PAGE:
June 1, 2010
By Max Carter
The Washington Post
Q: The catastrophic oil spill in the Gulf of Mexico is a widening environmental, economic and political crisis. Is it also a moral crisis? How does religion influence our use and abuse of the natural world? Does religion help or harm the environment?
Whether it is the demand for cheap coffee that has in the past encouraged oppressive military and economic activity in Latin America, the demand for exclusive ownership of land that has led to the dispossession of populations and the destruction of the natural environment in the Americas, the Middle East, and elsewhere, or our insatiable appetite for fossil fuels, we "sow the seeds of violence" by our consumptive behavior and lifestyle. It is easy to point the finger at others, but if we didn't have such a desire for "the goodies," companies such as BP wouldn't be engaging in risky behavior. As one who works with college students most of the time, I recognize "risky behavior" when I see it - and it almost always boils down to ones "desires."
The default setting for many Quakers on issues such as the massive oil spill in the Gulf (or any other disaster resulting from our cravings, for that matter) is "WWJWD" - "What Would John Woolman Do?"
Woolman, an 18th century Quaker tailor, orchardist, and mystic from New Jersey, is famous for dedicating his life to addressing the sin of slavery, the abuse of Native Americans, and the demeaning of laborers through unfair economic systems and overwork. Woolman saw clearly that there is a direct line from our own desires and cravings to the justification of so clear an evil as slavery, the dissipation of the original inhabitants of the land in order to steal their property, and the oppression of workers to maximize profits.
Woolman linked the great social evils of his day to a failure to see the interconnection of classic religious values such as a deep and inward spirituality, integrity, simplicity, equality, community, and peace. If we were attached more to the lasting things of life rather than transient material objects, we might look upon physical possessions with less sense of ultimacy; if we simplified our lives and "made do" with the basic necessities instead of pursuing "wants," there would be plenty to go around; if we saw others as equals, all living in the same community of humanity and nature, we would be more careful about how our decisions affected others; if we recognized that our own lifestyles directly lead to violence done to others and to nature, we might, in Woolman's own words, "Examine the clothing we wear, the food we eat, and the very furnishings of our houses and try whether the seeds of war lie in these, our possessions."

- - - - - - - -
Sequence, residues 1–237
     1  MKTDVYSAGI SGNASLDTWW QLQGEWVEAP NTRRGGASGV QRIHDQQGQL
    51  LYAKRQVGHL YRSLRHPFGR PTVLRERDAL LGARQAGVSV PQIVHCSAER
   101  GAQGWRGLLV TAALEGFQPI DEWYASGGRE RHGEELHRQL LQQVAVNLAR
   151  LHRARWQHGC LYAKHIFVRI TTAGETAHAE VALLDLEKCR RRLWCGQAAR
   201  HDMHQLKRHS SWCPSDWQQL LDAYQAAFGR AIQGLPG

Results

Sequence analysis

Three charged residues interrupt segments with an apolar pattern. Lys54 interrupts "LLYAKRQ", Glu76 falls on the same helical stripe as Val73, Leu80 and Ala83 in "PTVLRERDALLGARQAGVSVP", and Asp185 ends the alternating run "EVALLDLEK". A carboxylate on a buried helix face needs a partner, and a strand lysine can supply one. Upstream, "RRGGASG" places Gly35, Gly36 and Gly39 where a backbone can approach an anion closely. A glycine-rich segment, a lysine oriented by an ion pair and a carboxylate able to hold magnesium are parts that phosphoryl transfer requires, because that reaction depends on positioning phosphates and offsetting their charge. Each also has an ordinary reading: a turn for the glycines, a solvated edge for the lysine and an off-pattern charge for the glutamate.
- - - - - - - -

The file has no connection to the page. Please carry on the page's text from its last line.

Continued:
During my life, I have tried to decrease the amount of my dependence on fossil fuels by biking and walking whenever possible and by using alternative energy sources for heating and cooling our home. Yet I, too, have contributed to the Gulf oil spill by using petroleum products on a daily basis and by not altering my lifestyle even more intentionally. I share in the blame.
As we all contemplate the meaning of this disaster, it is my hope that we contemplate the experience of another of my faith tradition's central figures, George Fox, who turned down early release from imprisonment if he would join the militia. Committed to the way of Jesus, he rejected the offer with the reply, "I live in the virtue of that life and power which removes the occasion for war." Perhaps if we all "lived in the virtue of that life and power which removes the occasion for a gluttonous desire for cheap, nonrenewable energy," BP and other companies would not feel the need to engage in such risky behavior.
Being the campus minister I am, it is also my hope that we recognize risky behavior in ourselves, rather than pointing to others as the source of our problems. And when that happens, I am convinced that, almost James Watt-like, we will be in the "Last Days" - and we won't have to worry as much about the earth! Holding ourselves accountable, indeed, is for me one of the signs of the impending millennial reign of peace!
I won't be holding my breath, though!
A recorded Friends minister, Max Carter serves on the Board of the American Friends Service Committee and the Advisory Board of the Earlham School of Religion.